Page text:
Hong Kong (AsiaNews/SCMP) China's official Catholic Church is still negotiating with the Vatican over sending mainland bishops to a synod in Rome, said Ye Xiaowen, director of the State Bureau of Religious Affairs after a religious ceremony in Hong Kong.
Ye's remarks came after the Chinese Catholic Patriotic Association (CCPA) expressed disappointment at the invitation. CCPA chairman Liu Bainian criticised the Holy See for maintaining ties with Taipei and releasing the invitation list without consulting Beijing.
But Mr Ye yesterday said mainland Catholics saw Pope Benedict's invitation as a "friendly gesture".
"It is obviously a harmonious sign," he said. "And it is still in the negotiating process. It is a show of yihe weigui [peace is precious]."
The four mainland bishops invited are Xian Archbishop Li Duan, Shanghai Bishop Aloysius Jin Luxian, Qiqihar Bishop Wei Jingyi and Fengxiang Bishop Li Jingfeng.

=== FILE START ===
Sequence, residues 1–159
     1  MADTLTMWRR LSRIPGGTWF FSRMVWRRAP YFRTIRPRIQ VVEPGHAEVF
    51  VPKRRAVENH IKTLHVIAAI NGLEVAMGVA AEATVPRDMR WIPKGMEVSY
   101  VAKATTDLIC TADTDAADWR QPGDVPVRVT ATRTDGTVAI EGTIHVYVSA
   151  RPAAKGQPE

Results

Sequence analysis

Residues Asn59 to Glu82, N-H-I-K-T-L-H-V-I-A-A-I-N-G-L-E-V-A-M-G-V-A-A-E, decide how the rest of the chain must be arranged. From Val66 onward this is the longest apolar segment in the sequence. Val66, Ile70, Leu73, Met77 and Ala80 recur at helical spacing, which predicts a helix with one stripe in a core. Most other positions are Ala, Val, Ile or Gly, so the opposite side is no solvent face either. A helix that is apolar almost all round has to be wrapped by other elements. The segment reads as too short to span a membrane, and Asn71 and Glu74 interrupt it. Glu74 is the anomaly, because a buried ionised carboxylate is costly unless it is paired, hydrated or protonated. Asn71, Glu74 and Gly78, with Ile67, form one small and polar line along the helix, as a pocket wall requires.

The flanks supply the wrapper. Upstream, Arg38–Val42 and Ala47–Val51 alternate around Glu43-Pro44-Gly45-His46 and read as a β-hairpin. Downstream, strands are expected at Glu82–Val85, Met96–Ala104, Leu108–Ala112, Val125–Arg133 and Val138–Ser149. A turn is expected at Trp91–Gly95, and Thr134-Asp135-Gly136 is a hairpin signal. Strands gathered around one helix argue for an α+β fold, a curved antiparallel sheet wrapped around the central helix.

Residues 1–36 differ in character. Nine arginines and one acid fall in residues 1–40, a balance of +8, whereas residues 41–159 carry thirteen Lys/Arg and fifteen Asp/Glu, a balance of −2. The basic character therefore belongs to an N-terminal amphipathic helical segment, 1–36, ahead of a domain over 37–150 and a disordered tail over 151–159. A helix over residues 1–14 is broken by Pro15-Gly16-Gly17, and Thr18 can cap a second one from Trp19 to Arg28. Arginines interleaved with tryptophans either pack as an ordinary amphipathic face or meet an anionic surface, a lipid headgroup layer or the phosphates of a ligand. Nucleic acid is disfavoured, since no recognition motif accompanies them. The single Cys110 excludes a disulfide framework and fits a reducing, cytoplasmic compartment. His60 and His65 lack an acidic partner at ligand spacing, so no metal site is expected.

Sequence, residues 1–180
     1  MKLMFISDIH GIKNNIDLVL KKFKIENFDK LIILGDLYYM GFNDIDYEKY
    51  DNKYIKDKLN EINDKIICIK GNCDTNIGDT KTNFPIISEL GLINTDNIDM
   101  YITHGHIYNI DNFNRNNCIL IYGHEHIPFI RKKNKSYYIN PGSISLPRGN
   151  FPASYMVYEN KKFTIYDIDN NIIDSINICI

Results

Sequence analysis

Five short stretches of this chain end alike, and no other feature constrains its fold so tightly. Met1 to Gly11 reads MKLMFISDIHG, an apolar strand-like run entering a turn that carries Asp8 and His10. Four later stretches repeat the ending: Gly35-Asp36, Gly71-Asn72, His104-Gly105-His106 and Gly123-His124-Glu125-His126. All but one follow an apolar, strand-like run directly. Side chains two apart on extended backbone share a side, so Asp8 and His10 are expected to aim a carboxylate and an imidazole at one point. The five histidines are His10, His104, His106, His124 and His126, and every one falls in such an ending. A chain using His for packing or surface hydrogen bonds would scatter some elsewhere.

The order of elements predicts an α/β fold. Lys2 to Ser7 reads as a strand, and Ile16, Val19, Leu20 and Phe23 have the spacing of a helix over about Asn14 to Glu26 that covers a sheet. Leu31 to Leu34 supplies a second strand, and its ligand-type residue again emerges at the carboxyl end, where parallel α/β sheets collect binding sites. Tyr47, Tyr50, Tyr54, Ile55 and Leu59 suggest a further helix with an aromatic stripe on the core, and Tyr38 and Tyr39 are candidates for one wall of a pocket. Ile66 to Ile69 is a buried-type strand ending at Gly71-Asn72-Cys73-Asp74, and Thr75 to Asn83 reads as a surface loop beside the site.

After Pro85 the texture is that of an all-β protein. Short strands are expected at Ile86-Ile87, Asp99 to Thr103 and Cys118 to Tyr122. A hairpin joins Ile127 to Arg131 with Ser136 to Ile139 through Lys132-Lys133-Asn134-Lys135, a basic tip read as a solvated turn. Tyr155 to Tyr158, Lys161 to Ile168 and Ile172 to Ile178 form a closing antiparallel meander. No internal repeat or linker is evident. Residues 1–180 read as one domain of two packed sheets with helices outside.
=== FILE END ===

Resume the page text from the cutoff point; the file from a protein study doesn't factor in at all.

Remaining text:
The first two are recognised by the government; the third has still not been recognised; the fourth was recognised just last year. Also invited are Hong Kong Bishop Joseph Zen Ze-kiun and Taiwanese Cardinal Paul Shan Kuo-hsi.
Mr Ye stressed it was likely that some of the bishops would not be able to make the journey due to age or ill health.
"One [of them] is also terminally ill," he said, apparently referring to Archbishop Li Duan, who has cancer.
He also said he did not consider Bishop Wei of the underground church a bishop.
Asked about the presence of representatives from Taiwan, Mr Ye said Beijing did not want to see "two Chinas" or "one China, one Taiwan" in any international conferences. But "it is their own business if Taiwanese bishops join the synod. . . . They have the right to go", he said.
Traditionally, China's State Bureau of Religious Affairs has refused establishing diplomatic relations with the Holy See because of the latter's ties with Taiwan.
Taiwan's Bishops' Conference said it would send two representatives: Cardinal Shan, 81 and Tainan's 62-year-old Bishop Bosco Lin.
For Fr John Chen Kun-chen, secretary-general of the Taiwanese Conference, religion and politics should not be mixed.
"It is regrettable if the mainland sees the synodand sets perimeters for them and usfrom a political angle," he said.